South Korean F-35 pilot is forced to make an emergency ‘belly landing’ after landing gear fails weeks after British plane toppled into the Mediterranean off HMS Queen Elizabeth

  • The landing gear on the £75million jet failed to extend over South Korean airbase
  • The pilot decided to perform a dangerous ‘belly landing’ instead of ejecting
  • In November, a British F-35 fell into the sea after a failed takeoff  

A pilot has been forced to make an emergency ‘belly landing’ in a South Korean F-35A fighter jet after suffering a malfunction in the air.

Landing gear on the jet failed to extend but instead of ejecting, the pilot decided to land the £75million US-made craft at an airbase on its belly.

It is the latest in a series of incidents for the stealth fighter after a British F-35 toppled into the sea during a failed takeoff from HMS Queen Elizabeth in the Mediterranean.

A pilot has been forced to make an emergency ‘belly landing’ in a South Korean F-35A fighter jet after suffering a malfunction in the air. Pictured: A South Korean fighter jet lands in Chungju in 2019

The jet has been involved in seven other incidents including a pilot who was forced to eject after a crash on landing at Eglin Air Force Base in Florida.

The US Air Force said the pilot and plane systems were at fault for the crash. 

A Japanese F-35 also crashed into the Pacific Ocean near Japan, which killed its pilot in 2019. Officials blamed the crash on spatial disorientation. 

In the latest crash, the first in South Korea, the equipment failed due to electronic issues, a South Korean Air Force spokesman said, forcing the pilot to take the unprecedented action.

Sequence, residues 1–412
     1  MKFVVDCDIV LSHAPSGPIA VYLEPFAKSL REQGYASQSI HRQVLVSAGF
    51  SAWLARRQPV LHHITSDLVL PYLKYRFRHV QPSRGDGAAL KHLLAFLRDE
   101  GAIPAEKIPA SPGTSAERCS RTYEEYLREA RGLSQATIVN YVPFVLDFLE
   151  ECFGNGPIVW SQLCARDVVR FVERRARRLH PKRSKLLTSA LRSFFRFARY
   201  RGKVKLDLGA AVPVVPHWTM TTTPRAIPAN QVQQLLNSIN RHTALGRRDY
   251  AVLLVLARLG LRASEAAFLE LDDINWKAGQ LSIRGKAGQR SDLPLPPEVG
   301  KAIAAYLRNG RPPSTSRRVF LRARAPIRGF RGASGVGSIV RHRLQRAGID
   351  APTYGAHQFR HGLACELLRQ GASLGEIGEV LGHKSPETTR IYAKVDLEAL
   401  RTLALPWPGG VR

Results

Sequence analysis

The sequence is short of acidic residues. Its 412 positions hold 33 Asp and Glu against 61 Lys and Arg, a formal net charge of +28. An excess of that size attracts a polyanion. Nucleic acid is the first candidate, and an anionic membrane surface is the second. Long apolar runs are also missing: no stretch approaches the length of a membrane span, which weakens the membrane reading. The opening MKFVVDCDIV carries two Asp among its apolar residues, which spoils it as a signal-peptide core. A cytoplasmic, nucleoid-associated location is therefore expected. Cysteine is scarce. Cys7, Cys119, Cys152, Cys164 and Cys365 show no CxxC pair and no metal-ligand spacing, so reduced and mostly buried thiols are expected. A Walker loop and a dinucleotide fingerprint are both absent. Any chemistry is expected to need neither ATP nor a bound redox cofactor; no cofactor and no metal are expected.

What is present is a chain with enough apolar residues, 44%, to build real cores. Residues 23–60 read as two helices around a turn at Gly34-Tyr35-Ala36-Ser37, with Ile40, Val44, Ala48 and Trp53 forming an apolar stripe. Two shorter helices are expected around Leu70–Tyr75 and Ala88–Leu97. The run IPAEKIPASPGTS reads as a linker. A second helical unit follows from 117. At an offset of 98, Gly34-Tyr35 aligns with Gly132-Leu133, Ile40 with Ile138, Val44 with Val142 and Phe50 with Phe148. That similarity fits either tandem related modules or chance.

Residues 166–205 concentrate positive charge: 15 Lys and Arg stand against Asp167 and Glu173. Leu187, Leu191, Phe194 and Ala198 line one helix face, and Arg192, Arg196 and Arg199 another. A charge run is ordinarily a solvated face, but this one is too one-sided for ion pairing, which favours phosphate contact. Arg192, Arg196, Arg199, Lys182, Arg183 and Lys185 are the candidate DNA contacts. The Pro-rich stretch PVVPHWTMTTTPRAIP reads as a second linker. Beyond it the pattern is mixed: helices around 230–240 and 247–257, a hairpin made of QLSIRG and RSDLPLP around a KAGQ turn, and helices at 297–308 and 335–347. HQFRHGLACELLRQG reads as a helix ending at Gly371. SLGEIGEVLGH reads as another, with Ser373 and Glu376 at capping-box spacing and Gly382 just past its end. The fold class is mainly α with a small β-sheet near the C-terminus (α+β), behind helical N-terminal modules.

A military official refused to confirm if the jet suffered any damage in the incident but the pilot walked away uninjured.

It comes just months after another F-35 jet in the British Armed Forces toppled into the sea during a failed takeoff from HMS Queen Elizabeth in the Mediterranean Sea 

He said: ‘The jet did an emergency landing as the landing gear did not extend. This would mean the jet did the ‘belly landing’.’

In response, South Korea has grounded its entire fleet of advanced F-35 fighter jets pending a probe into the dramatic landing.   

‘With the investigation under way, the entire (F-35) fleet is suspended from flying,’ a defence ministry official told AFP.

South Korea ordered 40 F-35A variants from its American maker Lockheed Martin in 2014, receiving the first batch five years later.

Republic of Korea Air Force vice chief of staff Shin Ok-chul shared the dramatic details at a parliamentary hearing on Wednesday.

The jet is seen disappearing over the edge of the aircraft carrier and the pilot’s parachute floats into view in leaked footage of the crash

The F-35A was flying at low altitude when the pilot heard bangs, prompting him to check aircraft systems, Shin told lawmakers.

‘All systems had stopped working except flight controls and the engine,’ he said, adding that the pilot then chose not to eject and decided to attempt a belly landing.

The military sprayed a special foam on the runway at the air force base to prevent an explosion from the friction caused by the plane making contact with the surface at high speed, Shin said.

He said it was the first time a belly landing was attempted in an F-35.

The supersonic F-35 Lightning II is one of the most potent and agile fighters in the world, featuring stealth technology and advanced communications.

Its three variants are designed for a wide variety of missions.

And while its per-unit cost has come down in recent years, it is considered the most expensive weapons system ever developed by the United States.

A US pilot was forced to eject midair after an F-35 jet crashed in South Carolina in 2018, destroying the aircraft

Japan’s Coast Guard searches the wreckage of an F-35 jet after it crashed into the Pacific Ocean in 2019

The programme has also been plagued by numerous delays, cost overruns and technical setbacks.

Before the South Korean incident, the jet’s most recent accident involved a British F-35B plunging into the Mediterranean during takeoff from the HMS Queen Elizabeth aircraft carrier in November.